Working Family Flexibility
For many families, especially with young children, their most precious commodity is time. But today, federal labor laws restrict the way moms and dads and everyone else can use their time. For decades, Congress has given a special exemption from these laws to government employees. This is unacceptable. The same work-life options available to government employees should be available to private-sector workers, as well.
Talk to any working mom and dad and they’ll tell you they need more time – just one more hour in the day to make life work. We can’t legislate another hour in the day, but we can help working people better balance the demands of family and work by removing an unnecessary federal restriction on utilizing comp time in the private sector.
The “Working Families Flexibility Act” helps workers handle the constant challenge of work-life balance by allowing private-sector employers to offer all individuals who work overtime to choose between monetary compensation or comp-time. Particularly for families, the law would help alleviate the difficulties of juggling work, home, kids, and community.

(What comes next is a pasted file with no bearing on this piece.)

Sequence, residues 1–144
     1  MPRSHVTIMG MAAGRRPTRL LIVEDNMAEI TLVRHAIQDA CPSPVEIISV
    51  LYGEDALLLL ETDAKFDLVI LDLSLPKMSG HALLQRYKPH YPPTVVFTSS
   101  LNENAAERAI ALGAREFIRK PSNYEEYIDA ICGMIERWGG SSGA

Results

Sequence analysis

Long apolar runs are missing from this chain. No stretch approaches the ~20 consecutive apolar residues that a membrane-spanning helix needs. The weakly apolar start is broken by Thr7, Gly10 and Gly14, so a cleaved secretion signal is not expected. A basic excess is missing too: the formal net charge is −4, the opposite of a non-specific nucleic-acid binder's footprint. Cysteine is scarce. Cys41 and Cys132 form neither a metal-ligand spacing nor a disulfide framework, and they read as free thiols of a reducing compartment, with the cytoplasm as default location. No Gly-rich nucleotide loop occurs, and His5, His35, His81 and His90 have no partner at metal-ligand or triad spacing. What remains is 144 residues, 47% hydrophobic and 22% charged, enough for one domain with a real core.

How It Works
- Gives employers the ability to offer their employees the option of comp time or overtime pay, both accrued at 1½ times the overtime hours worked.
- Requires employers who decide to offer this option to their employees to establish a written agreement with the employee outlining the options and to allow each employee to voluntarily choose the option that best fits his needs.
- Requires that comp time agreements be included in the collective bargaining agreement negotiated between the union and the employer for any employee represented by a union.
- Allows employees who choose to accrue comp time to accrue up to 160 hours each year.
- Allows employees to “cash out” their accrued comp time at the traditional overtime pay rate at any time throughout the year.
- Maintains all existing employee protections, including the current 40-hour workweek and overtime accrual, and provides additional safeguards to ensure that the choice to use comp time is voluntary.
- Requires employers to pay employees at the traditional overtime rate for any unused comp time at the end of each calendar year.
What It Does
- Ends the unfair discrimination against private-sector employees
- Enables parents to better balance work and family obligations
- Frees all workers to choose which commodity – time or money – is the more important resource at a given time
- Lessens the burden of unnecessary federal regulation